Most types of digital Anti-Aliasing (Multi-Sampling or Super-Sampling) only appily the effect where it's needed, and can even bring out detail in a digitally rendered image that would not have been there otherwise. It maintains sharpness while fixing certain problems.
The AA filter on a camera would be comparable to a post processing AA filter, like FXAA, which simply blends every pixel on the screen with its neighbour, which eliminates both aliasing and crisp edges.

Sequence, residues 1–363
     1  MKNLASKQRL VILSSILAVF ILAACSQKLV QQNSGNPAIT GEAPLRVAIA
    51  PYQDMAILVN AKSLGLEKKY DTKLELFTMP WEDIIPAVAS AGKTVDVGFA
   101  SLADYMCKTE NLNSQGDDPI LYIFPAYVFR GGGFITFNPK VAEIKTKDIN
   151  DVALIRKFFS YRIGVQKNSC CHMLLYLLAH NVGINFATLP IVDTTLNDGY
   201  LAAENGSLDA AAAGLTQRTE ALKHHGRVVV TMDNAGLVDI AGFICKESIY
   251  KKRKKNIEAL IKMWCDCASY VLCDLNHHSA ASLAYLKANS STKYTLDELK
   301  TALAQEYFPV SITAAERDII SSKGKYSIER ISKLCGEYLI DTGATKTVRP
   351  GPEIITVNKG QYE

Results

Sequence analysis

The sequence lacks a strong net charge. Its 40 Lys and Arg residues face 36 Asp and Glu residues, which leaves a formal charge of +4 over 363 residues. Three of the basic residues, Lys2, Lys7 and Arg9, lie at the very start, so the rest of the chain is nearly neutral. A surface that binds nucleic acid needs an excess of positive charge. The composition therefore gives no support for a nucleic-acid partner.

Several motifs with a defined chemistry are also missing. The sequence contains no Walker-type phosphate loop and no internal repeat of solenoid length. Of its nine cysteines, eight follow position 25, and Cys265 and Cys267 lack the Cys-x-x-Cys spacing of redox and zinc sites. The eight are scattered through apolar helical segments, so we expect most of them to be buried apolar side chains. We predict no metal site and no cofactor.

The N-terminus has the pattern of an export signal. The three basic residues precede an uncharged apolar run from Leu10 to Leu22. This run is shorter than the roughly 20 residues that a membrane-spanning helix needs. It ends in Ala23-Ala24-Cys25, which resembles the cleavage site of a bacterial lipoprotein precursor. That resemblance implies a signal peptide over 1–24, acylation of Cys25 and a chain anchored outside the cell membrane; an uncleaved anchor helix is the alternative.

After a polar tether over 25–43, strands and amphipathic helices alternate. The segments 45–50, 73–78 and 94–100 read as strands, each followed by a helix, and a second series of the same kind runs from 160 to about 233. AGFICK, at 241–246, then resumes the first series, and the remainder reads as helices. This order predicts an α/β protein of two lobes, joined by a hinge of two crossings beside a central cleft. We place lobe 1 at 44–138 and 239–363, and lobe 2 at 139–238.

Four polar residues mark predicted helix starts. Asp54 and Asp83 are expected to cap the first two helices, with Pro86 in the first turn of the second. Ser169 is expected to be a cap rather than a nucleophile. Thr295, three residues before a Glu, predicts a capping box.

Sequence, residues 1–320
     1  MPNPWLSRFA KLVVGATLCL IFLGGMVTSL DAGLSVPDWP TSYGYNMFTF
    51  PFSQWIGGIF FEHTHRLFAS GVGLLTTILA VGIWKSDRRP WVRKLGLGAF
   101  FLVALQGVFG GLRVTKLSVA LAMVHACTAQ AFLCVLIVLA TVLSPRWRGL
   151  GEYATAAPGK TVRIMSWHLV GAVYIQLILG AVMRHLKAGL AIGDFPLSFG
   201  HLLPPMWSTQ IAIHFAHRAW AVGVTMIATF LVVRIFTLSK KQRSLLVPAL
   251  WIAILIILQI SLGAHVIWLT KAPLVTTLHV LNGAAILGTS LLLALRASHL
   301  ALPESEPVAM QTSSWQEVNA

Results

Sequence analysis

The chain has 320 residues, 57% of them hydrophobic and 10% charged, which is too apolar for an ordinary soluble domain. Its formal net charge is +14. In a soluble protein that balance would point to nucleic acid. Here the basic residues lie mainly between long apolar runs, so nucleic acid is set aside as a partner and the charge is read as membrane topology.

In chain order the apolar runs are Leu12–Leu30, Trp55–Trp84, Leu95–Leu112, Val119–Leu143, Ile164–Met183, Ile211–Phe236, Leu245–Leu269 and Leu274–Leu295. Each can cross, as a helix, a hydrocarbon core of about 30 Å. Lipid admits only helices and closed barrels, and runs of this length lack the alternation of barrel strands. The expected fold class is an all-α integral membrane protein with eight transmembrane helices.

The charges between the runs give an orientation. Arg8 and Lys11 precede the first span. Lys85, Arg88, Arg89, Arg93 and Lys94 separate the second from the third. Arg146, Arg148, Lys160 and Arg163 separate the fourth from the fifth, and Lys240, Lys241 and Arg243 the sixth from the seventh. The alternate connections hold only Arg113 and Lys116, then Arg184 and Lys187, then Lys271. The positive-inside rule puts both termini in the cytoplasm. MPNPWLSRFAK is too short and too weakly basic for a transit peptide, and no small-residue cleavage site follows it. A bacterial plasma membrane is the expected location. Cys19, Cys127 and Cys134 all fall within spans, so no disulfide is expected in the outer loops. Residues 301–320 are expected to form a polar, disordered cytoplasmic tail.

Sort of but multi-sampling covers the entire scene so it does it's thing everywhere, but the effects are obviously more noticeable on some parts of some images than on others (unless they did some targeting to located areas of harshest transition and only multi-sample those regions).
The reason multi-sampling is so much more efficient than super-sampling is that it's applied selectively.
That also means it's less effective in some applications, but the cost to benefit ratio is very attractive.